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Competing for the apocalypse: religious rivalry and millennial transformations in a Japanese new religion

Research output: Contribution to Journal/MagazineJournal articlepeer-review

<mark>Journal publication date</mark>2011
<mark>Journal</mark>International Journal for the Study of New Religions
Issue number1
Number of pages24
Pages (from-to)5-28
Publication StatusPublished
<mark>Original language</mark>English


This article examines how one Japanese new religion shifted its orientations and perspectives– notably in millennialist terms – in the late twentieth century, and suggests this may have been influenced by the rivalries and conflicts it had with another millennialist movement in Japan.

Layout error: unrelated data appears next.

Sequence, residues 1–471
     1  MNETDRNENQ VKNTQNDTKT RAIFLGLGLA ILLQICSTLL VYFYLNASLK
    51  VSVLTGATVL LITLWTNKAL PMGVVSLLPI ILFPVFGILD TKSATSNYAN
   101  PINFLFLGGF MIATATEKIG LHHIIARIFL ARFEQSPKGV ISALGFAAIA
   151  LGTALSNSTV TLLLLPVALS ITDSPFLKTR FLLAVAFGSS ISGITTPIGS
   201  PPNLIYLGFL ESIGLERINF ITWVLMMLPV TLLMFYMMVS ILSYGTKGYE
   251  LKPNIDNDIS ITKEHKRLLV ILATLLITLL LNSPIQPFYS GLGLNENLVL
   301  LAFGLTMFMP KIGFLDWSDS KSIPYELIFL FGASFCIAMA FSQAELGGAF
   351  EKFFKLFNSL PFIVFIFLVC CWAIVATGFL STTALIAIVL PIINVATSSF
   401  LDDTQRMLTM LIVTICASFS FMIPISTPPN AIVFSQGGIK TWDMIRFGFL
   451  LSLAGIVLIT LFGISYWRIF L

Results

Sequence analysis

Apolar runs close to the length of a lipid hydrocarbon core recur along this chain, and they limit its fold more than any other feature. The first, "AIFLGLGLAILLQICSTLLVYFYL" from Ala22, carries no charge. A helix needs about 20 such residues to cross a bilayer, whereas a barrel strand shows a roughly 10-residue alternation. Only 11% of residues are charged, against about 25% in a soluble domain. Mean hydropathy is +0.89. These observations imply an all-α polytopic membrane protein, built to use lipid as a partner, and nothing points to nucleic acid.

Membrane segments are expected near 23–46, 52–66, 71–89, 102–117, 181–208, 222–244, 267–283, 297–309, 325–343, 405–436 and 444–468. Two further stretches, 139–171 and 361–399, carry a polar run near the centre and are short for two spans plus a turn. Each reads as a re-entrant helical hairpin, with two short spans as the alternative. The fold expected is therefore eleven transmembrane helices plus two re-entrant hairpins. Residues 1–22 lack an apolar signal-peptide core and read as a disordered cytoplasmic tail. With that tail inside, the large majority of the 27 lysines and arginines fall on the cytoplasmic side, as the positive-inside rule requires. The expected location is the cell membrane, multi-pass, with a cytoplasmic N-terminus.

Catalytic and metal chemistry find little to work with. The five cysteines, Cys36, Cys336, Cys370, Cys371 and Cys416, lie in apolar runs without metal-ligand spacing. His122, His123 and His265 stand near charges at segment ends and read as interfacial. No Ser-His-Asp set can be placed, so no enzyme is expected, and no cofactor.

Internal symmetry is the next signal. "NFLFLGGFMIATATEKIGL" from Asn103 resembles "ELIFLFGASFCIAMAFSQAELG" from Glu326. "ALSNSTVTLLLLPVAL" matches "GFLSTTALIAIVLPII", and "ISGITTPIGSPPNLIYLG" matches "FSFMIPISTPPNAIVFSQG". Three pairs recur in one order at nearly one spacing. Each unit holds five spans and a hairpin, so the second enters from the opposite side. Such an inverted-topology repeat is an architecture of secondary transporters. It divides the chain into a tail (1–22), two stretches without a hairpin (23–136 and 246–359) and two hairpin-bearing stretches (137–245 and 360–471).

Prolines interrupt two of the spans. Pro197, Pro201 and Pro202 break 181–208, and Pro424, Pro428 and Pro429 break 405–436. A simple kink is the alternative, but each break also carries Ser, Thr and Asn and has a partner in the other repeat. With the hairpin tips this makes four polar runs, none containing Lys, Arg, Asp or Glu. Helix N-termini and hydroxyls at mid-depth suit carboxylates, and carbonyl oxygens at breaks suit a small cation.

By examining the rivalry between Aum Shinrikyō and Kōfuku no Kagaku, and by examining how the activities of each impacted on those of the other, we can see how religious groups do not formulate policies and teachings, or amend their perspective on the world, in isolation. We argue that while looking at the prevailing religious trends of any era can help us understand the specific teachings of individual groups, we should also pay attention to the interactions between groups. It also suggests that when we discuss categories and types of millennialism, we should be aware that movements can encapsulate more than one form of millennialism at any one time.